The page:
Research on online hurtful behaviour: "Even if children think certain things go far, the fear of getting nasty reactions themselves is greater"

Online hurtful behaviour is increasingly common. It not only affects Dutch celebrities such as politicians but also occurs among young people. Standing up (online) for victims does not always happen, according to research by Esther Rozendaal and Chiara de JongTheir research findings followed from a survey study and a unique collaboration with a theatre company. The research was commissioned by Netwerk Mediawijsheid and took centre stage last week during the Week of Media Literacy. This week, themed 'Like and Cancel', called attention to encouraging online prosocial behaviour.

Bystanders can help victims

"We know from previous polls that almost two-thirds of all Dutch people have experienced racism, shaming or exclusion via social media at some point. With our survey, we wanted to look at the positive role bystanders can play. For example, they can speak out and thus support the victim," Chiara says. We used a survey and an observational study during the interactive theatre performance Block or Bless developed by Theatre Heart to investigate how to promote prosocial behaviour online.

Researchers observe behaviour during performance

Six different lower secondary school classes saw the theatre performance. During the performance, children could use green or red cards to give their reactions to scenes featuring actors playing influencers. Real online hate reactions were also read out loud to the audience. The agreement was that if 10 out of 80 children raised a red card because the reaction went too far, the reading out stopped. By observing the behaviour and reactions of the audience during the performance, researchers gained insight into how pupils view offensive behaviour online and what encourages or deters them from acting as an 'upstander' against the offensive behaviour. Researcher Esther Rozendaal sat in the room to observe the reactions: "We saw that one of the main barriers to taking action is the fear of becoming a victim herself. Even if children think certain things go too far, the fear of getting nasty reactions themselves is greater. They prefer to remain silent rather than speak out against it."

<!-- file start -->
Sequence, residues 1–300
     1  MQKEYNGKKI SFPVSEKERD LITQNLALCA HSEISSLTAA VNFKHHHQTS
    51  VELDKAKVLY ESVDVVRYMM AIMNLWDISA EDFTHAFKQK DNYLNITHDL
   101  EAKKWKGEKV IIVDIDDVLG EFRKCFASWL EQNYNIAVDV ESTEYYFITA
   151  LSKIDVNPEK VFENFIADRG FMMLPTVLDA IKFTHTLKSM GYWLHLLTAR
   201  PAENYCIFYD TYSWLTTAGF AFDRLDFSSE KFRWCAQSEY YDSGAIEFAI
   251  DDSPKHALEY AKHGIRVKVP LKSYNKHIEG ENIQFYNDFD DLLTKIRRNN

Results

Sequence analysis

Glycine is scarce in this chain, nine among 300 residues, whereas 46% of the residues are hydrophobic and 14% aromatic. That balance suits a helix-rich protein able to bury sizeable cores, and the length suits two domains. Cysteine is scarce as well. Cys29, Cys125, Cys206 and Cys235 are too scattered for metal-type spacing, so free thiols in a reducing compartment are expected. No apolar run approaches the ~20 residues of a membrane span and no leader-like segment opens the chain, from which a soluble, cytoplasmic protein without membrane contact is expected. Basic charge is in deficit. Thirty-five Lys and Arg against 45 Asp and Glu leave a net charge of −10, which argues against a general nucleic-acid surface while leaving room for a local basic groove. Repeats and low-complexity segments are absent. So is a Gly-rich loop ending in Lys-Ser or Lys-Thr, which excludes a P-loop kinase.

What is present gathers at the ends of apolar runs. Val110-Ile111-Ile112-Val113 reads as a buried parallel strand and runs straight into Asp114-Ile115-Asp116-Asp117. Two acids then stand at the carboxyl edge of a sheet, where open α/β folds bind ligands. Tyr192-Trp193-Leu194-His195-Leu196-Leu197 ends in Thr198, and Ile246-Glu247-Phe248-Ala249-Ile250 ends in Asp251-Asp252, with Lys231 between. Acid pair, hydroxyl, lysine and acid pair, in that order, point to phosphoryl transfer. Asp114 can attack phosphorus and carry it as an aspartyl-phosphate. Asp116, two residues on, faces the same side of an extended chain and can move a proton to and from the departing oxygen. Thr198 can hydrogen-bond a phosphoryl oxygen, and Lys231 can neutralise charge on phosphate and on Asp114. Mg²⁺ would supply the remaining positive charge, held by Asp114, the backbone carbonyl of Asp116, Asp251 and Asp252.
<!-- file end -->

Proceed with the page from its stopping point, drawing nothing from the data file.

Making the online world a little more social

The online survey and qualitative research results show that prosocial behaviour can be encouraged. "We hope that the findings of this research will be used by policymakers and media literacy professionals to develop effective campaigns and interventions that can make the online world a little more social." said Rozendaal.

The results from an online survey and qualitative research (only in Dutch)
The NRC watched one of the performances and wrote an article about it, read it here (only in Dutch)